So argued Yoav Dagan, VP of business development at AquaMaof, in a webinar on land-based aquaculture production. While investments in the RAS sector – and the discussion in the event itself – mainly related to Atlantic salmon, Dagan was asked about other candidate species.
“I think it’s a difficult question to answer, but as I see it today the shrimp is definitely going to be the next generation [after salmon] and we’ve invested a lot in the R&D on that – both in the RAS system for the water treatment, but actually also in genetics, with the CRISPR technology you can actually elevate the densities. For example, for less hostility, less cannibalism in the animals, we can crowd them a little bit more, and so shrimp is good,” he explained.
Meanwhile, he noted that grouper is potentially the “optimal species for the land-based because it groups together… for the people that are concerned with the welfare actually the grouper is a demonstration because their preference is to crowd together to be protected”.
However, Dagan left perhaps his most surprising tip for the top until the end of the Intrafish-organised event.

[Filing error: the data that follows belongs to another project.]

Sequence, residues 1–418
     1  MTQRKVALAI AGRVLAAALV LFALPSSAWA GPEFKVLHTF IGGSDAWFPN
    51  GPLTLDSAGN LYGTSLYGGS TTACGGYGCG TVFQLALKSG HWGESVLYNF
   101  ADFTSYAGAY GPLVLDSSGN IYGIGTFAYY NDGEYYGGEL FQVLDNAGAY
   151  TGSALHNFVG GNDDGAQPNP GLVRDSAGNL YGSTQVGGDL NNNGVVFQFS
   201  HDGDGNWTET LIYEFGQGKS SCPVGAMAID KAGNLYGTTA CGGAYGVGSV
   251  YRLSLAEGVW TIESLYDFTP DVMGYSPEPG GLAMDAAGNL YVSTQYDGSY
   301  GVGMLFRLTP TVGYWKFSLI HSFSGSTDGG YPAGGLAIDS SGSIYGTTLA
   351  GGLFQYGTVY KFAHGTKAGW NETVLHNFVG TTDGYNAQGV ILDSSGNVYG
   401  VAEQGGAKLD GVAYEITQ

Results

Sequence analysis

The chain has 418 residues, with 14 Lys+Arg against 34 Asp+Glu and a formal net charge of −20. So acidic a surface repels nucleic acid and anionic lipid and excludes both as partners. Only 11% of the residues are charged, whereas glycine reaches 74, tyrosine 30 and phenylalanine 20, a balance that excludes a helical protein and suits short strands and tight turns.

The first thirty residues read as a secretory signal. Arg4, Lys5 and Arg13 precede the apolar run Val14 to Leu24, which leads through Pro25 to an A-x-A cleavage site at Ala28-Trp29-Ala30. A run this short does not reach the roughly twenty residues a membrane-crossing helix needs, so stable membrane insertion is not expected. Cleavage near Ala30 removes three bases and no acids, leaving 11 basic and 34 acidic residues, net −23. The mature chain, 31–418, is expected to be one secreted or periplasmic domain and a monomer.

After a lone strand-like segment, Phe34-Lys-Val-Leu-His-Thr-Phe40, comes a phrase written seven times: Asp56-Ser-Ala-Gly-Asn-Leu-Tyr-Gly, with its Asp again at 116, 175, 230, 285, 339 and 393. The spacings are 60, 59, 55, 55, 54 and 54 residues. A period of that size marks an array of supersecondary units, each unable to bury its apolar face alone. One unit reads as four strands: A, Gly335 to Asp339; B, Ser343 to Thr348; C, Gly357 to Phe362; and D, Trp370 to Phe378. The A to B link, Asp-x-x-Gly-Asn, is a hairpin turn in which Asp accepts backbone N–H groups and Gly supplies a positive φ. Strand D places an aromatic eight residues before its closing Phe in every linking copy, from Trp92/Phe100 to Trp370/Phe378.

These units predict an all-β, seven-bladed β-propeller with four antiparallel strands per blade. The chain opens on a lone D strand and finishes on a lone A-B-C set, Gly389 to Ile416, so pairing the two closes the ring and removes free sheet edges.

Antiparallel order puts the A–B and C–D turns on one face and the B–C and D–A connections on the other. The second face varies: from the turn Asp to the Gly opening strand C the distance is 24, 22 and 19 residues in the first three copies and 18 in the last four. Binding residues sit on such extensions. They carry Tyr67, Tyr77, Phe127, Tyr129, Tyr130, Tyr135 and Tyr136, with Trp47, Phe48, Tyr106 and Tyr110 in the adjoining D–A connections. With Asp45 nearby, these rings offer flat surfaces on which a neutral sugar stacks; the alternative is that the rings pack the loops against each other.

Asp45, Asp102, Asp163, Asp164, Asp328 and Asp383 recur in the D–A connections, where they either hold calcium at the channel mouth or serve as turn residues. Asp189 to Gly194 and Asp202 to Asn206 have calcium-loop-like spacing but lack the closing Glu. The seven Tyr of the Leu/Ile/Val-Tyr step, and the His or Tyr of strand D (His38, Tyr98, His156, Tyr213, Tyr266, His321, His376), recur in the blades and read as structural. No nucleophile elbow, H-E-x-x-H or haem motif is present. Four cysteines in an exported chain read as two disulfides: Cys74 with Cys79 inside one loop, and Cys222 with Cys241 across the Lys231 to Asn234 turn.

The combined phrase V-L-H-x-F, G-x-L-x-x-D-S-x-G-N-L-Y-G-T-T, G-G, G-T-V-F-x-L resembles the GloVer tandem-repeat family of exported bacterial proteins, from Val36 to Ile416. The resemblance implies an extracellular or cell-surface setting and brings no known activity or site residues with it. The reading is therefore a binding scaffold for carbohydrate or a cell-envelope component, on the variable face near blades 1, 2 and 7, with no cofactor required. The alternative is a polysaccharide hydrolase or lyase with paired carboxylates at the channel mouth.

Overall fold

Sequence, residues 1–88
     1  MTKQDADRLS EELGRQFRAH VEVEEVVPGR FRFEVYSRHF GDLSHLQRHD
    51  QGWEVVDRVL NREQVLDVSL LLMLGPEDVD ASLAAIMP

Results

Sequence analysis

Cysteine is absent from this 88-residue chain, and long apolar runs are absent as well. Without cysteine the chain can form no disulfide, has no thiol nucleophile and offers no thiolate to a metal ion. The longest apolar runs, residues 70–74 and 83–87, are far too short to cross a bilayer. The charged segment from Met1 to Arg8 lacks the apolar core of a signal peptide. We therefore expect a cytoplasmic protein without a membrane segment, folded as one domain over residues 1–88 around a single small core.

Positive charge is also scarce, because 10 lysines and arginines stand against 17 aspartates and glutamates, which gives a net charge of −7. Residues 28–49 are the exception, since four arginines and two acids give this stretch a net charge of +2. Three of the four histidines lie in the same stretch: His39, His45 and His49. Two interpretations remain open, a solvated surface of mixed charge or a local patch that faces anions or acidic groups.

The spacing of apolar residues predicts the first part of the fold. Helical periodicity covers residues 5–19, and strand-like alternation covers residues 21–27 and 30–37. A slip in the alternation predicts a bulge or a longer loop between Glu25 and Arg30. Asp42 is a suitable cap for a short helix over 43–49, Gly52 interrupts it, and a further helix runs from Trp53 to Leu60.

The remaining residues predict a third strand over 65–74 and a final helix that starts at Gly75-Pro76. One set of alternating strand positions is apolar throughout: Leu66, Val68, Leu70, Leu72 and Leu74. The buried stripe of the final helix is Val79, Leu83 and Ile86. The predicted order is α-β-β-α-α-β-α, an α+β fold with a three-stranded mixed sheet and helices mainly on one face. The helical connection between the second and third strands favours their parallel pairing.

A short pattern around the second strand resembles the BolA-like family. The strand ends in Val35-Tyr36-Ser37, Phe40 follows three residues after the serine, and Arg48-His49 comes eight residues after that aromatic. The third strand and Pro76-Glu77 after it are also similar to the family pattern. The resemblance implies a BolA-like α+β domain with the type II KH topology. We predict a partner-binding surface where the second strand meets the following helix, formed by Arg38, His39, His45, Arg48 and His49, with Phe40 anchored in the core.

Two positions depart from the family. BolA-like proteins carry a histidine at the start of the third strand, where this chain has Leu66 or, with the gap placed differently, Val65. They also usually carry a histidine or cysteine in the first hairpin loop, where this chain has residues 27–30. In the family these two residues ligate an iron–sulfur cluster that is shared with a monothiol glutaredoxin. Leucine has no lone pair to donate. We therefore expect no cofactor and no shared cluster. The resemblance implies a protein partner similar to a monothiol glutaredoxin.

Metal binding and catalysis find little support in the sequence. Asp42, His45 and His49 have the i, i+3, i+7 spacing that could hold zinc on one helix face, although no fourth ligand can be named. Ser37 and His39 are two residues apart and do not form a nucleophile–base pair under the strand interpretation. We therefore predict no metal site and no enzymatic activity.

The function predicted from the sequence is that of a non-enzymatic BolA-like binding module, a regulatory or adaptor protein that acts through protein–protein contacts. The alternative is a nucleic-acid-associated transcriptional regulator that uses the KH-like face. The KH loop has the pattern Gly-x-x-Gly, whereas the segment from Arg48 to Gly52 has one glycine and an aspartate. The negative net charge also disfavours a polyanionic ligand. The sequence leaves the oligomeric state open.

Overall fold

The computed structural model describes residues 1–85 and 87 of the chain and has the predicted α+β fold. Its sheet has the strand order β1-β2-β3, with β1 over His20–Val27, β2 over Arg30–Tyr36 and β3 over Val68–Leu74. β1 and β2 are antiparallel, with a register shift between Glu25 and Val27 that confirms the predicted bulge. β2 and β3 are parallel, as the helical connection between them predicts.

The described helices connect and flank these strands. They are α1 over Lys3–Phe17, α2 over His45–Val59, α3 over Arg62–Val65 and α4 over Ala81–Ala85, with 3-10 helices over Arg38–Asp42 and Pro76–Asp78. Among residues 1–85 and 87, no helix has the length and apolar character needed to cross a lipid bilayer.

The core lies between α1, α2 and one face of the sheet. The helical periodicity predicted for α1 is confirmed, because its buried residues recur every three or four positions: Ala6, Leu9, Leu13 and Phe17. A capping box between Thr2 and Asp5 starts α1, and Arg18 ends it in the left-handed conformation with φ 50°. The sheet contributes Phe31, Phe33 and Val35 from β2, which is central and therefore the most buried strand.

“Something that is interesting lately is catfish,” said Dagan, who has over 30 years' experience in the aquaculture sector.
He went on to explain that catfish species are a hugely popular protein source in areas such as West Africa, where local capture fishery landings were decreasing and the local demand for food was growing. And he argued that using RAS, not just traditional earthen ponds, was a feasible way to help to do this.
“They need a very cheap product, a very cheap species that can bring a lot of value, a lot of protein source to their diets. And I think, from that perspective, that catfish could be a very interesting species, because the ability to be in very high densities. For example in Slovakia we have densities of 400 kg per cubic metre, with a very good result and the fish are growing tremendously, exceptionally well without any disease and without any stress. So this is the answer also,” he said.
While catfish might be a comparatively low value fish, and RAS traditionally seen as a very expensive means of production Dagan concluded that the numbers could still add up.
“I think that today, with the existing technology, we are able to produce [fish in RAS] as cheap as the cages, and even less,” he concluded.